Social support can be described as the physical and emotional comfort we receive through social ties to others, such as family, friends, co-workers, etc. It’s the love and acceptance we feel from belonging to a community of people who care about us. Social support is imperative to your overall health and wellbeing.
Types of Social Support
- Emotional support – Most people think of emotional support when they talk about social support. Emotional support involves kind words, hugs, listening, showing concern, acceptance, encouragement, and empathizing. For example, if you were struggling in your relationship, a friend might call you to make sure you are okay. They may give you a big hug next time they see you and say kind and encouraging words to you about your situation.
- Tangible Support – Tangible support would be the offering of assistance with a problem. This may include such things as help with financial trouble, babysitting children, giving someone a ride, or helping someone move. Tangible support is helpful when you are experiencing a problem and need immediate assistance. This type of support helps you actively work through the problem at hand.
- Esteem Support – Esteem Support comes in the form of encouragement, words of affirmation, or anything that lifts you up. When someone offers you esteem support they might remind you of your many strengths, tell you that they believe in you and your ability to power through this struggle, or just remind you of previous issues that you have worked through successfully in the past.
- Informational Support – When receiving informational support, you are getting support in the form of advice, information sharing, or educational documentation/information that will assist you in overcoming your challenge. When you are well informed on a topic, you are better able to make calculated decisions about your issue with clarity and confidence.
Think about that last time you had an issue and you needed social support. Did you get the right type of support you needed? It is important to remember that there are different types of social support and that you may need to ask for the correct type of support depending on your situation and what you are comfortable with. Have you ever had too much informational support (usually unsolicited advice) when all you really needed was esteem support? It is okay to ask for the type support you are needing.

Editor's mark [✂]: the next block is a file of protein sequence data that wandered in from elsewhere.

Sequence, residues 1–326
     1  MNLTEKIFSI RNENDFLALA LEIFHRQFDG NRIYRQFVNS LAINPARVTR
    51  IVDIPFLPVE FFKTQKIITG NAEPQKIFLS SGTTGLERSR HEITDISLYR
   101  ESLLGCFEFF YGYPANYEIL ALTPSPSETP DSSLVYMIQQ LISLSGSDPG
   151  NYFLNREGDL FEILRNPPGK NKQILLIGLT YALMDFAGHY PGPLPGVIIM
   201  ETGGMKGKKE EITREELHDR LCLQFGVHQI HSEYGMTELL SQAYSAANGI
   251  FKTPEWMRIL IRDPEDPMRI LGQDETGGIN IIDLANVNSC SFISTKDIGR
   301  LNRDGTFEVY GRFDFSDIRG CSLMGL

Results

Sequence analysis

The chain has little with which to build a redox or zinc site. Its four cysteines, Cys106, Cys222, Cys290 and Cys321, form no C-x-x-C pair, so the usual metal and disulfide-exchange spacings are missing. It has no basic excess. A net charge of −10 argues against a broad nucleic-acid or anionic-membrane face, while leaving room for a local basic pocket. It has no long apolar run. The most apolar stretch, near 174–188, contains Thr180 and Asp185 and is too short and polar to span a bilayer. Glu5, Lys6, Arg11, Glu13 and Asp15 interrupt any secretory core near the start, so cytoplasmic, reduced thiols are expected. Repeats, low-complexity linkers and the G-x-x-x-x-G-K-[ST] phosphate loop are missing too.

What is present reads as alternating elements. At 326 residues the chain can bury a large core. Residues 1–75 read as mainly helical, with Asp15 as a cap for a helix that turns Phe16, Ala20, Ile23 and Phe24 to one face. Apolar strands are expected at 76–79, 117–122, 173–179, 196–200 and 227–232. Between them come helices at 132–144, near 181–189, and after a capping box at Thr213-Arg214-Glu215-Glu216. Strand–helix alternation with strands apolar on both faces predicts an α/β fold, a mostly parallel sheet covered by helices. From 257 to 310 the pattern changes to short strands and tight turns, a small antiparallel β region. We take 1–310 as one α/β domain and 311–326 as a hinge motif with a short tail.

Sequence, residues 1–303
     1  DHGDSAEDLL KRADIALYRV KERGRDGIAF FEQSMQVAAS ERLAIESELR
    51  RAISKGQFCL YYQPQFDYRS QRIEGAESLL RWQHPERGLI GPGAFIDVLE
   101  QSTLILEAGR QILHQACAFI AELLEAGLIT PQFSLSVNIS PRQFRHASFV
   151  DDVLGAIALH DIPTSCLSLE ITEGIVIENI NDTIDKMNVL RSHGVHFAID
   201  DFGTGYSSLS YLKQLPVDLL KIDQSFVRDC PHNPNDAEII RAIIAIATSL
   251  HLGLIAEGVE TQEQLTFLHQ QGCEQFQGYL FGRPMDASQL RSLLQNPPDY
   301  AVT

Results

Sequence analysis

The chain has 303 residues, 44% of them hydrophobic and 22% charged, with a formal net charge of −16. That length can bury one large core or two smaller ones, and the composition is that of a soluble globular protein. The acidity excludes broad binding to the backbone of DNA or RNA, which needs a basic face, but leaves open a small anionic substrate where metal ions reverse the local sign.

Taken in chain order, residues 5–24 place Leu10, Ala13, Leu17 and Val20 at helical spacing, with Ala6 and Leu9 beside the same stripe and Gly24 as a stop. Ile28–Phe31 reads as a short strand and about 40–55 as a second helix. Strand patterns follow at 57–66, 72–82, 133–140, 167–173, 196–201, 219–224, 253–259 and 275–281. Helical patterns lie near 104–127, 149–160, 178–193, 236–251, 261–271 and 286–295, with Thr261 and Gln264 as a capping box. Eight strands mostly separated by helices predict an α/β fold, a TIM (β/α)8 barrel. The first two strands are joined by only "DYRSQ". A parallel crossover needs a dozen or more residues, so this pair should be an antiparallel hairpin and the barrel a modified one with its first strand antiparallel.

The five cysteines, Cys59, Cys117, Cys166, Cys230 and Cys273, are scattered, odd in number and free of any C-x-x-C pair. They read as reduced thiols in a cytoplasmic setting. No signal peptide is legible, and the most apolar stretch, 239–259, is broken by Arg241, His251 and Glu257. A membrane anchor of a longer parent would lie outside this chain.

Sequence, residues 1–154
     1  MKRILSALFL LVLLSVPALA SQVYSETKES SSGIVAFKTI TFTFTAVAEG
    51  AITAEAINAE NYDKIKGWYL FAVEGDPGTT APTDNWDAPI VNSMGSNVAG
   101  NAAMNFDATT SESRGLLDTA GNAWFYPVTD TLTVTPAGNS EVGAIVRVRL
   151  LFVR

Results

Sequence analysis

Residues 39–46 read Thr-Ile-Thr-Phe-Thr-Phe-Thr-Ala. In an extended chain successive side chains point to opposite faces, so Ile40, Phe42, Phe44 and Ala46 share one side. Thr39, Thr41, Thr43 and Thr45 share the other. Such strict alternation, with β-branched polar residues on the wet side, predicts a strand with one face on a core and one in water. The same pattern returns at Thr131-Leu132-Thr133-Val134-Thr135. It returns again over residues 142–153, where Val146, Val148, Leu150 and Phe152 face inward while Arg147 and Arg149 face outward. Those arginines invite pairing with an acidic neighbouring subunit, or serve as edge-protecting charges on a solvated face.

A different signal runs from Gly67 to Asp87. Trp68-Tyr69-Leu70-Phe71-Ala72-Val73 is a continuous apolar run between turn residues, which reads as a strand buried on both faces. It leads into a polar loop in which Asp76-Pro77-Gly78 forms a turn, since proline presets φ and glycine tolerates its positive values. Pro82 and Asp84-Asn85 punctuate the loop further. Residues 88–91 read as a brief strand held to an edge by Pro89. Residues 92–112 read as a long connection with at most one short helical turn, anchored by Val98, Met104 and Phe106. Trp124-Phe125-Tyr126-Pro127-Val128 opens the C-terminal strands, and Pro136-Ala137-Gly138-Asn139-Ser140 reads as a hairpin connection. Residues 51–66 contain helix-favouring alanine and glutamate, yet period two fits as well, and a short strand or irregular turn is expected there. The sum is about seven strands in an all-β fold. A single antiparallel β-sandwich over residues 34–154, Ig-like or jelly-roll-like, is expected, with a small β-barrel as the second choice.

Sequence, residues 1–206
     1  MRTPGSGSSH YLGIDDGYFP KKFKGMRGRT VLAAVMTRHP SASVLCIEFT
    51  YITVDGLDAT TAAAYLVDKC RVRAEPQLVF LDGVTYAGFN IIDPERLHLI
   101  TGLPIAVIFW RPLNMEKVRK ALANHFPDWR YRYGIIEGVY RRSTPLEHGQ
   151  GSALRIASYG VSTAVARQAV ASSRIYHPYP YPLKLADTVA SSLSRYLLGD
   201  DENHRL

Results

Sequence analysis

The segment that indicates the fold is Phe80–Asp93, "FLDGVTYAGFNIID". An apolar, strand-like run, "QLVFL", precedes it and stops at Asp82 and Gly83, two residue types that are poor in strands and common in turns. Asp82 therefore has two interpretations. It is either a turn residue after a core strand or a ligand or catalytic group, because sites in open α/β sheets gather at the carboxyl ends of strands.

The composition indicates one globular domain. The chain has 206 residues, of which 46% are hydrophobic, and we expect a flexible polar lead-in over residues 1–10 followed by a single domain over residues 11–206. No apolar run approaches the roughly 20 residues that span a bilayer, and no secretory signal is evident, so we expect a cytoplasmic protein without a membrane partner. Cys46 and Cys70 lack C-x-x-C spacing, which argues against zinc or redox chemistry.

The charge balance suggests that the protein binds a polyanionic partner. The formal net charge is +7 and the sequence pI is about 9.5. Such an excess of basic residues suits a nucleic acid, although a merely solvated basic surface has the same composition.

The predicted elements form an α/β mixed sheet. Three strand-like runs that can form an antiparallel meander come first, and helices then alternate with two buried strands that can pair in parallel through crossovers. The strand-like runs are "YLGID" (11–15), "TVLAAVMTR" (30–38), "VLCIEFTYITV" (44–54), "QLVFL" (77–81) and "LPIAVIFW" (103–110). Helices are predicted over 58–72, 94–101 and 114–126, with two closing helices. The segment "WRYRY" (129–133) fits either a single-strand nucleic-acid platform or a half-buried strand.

Ways to Grow and Strengthen Your Social Support Network
- Spend time and energy nurturing the relationships you already have.
- Find ways to meet new people. Go for walks in your neighborhood. Join community events. Talk to your neighbors. Think outside the box.
- Practice and improve on your listening skills. Ask questions. Focus on what the other person is saying, not what you would like to say next. Look for things that you both have in common. Use an appropriate amount of eye contact.
- Deepen relationships by using self-disclosure and empathy.
- Take risks. Open yourself up to meeting new people, even if you are hesitant at first. If you don’t enjoy their company, you do not have to spend additional time with them. You get to choose the relationships you invest your time and energy in. Choose people who lift you up and make you feel good about yourself. Look for friends that you can count on and trust.
- Use your interests and passions to assist you in meeting new people. It is likely that you will build lasting relationship with people who are interested in similar activities. If you like bike riding, find a local group and join them. If you are into quilting, look for others in your area who quilt. Find people who are in a similar stage in life as you. If you have small children, reach out to the neighbors you know have young children as well. If you are an empty nester, look for empty nester groups to join in your community.
- Ask for help! If you are at a point in your life where you are struggling, seek professional help. Sometimes we feel alone and lonely, even when we are surrounded by lots of people. If you are having a hard time with social support or any issue that you think you can no longer cope with on your own, reach out to a counselor. We are here to help, with open hearts and nonjudgmental acceptance.
Call Amy Wine Counseling Center at 832-421-8714 to schedule an appointment with a counselor.